Beginning Monday, YouTube has issued an open audition to all classical musicians who have access to the Internet's largest user-generated video Web site. The YouTube Symphony Orchestra shall be a result of the efforts of Chinese composer Tan Dun, Google, The London Symphony Orchestra (LSO) and many other classical music institutions worldwide. Participants are encouraged to download sheet music for Dun's original composition "Eroica," practice the piece and one other of the musician's choice, and upload both to the YouTube Channel by January 28. Resources are available on the orchestra channel of the LSO instrument-specific master classes and conducting videos by Tan Dun. A jury made up of "musical experts from the London Symphony Orchestra, Berlin Philharmonic, San Francisco Symphony, Royal Concertgebouw, Hong Kong Philharmonic Orchestra, New York Philharmonic, and other leading orchestras around the world" will narrow the auditions to a group of semifinalists. These will be voted on by the YouTube public in February.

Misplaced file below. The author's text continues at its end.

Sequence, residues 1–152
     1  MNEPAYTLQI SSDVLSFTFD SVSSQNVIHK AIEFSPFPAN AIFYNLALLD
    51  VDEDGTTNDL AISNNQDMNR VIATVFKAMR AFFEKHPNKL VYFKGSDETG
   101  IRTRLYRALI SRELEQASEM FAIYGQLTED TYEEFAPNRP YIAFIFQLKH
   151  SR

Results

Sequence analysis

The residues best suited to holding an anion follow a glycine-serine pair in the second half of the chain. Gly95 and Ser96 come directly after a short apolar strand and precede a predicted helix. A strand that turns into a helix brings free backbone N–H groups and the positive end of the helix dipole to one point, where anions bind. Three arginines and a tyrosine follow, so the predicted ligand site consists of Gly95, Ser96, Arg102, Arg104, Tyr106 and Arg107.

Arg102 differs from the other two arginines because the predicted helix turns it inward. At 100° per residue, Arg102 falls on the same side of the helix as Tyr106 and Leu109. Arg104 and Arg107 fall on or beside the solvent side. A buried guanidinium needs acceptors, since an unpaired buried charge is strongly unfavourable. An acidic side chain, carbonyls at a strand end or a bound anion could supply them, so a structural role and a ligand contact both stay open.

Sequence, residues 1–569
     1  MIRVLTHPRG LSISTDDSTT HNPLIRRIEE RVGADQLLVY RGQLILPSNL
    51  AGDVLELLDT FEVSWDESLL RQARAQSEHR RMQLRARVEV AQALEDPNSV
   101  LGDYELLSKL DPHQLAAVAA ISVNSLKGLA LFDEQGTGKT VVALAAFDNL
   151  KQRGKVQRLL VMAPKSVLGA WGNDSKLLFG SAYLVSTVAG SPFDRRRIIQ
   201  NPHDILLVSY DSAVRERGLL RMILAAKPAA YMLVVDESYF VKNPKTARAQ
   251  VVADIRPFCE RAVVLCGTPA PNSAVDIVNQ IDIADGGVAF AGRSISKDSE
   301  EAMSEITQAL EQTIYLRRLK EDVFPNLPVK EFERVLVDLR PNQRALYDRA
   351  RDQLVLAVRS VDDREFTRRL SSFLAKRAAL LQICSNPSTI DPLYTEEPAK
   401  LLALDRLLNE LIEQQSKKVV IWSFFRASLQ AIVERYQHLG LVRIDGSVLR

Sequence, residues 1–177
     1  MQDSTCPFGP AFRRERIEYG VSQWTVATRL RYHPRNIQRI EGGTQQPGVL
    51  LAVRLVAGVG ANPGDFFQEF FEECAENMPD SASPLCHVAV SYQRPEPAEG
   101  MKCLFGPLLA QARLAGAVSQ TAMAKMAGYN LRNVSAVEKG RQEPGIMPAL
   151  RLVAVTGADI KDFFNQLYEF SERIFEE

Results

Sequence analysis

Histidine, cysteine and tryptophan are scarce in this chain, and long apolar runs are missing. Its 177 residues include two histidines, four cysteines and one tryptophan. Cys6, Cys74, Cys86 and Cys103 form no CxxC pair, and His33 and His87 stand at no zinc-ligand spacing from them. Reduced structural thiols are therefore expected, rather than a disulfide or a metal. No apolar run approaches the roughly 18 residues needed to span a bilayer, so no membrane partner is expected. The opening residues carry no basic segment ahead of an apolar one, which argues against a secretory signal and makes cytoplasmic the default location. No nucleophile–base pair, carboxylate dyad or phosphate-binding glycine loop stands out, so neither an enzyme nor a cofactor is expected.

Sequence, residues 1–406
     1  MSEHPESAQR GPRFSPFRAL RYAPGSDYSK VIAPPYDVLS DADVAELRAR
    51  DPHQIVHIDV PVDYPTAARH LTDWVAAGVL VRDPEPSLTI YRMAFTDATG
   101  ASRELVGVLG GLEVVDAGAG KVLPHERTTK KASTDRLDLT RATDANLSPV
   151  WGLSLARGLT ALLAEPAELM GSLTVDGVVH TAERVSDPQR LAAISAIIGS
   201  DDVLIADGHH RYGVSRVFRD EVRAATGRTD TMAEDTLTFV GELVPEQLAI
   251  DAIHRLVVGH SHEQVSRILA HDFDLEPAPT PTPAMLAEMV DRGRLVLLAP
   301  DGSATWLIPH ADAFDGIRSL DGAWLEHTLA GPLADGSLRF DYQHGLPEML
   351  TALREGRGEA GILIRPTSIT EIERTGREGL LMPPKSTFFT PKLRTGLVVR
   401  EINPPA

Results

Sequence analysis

When the winners perform in Carnegie Hall, the music will be played by the world's first online collaborative orchestra. Tilson Thomas in Reuters said today the program would "explore new ways for music lovers of all levels to use technology to discover how vast our tradition is." The Symphony section of the site is enjoyable to even non-classical fans, with performances and conversations by LSO members. Their excitement about this project is tangible and infectious.
As the most unique project from the three-year-old site, it is a departure from the previous television or movie partnerships, as well as live Web casted events, such as last month's YouTube Live. With YouTube's unique access to the global population, it is likely that the number of auditions will be considerable. Not only does it bring classical music out of the music hall to the people, it brings a gentrified musical genre to a youth-dominated forum. This author, for one, thinks she will dust off that bass clarinet.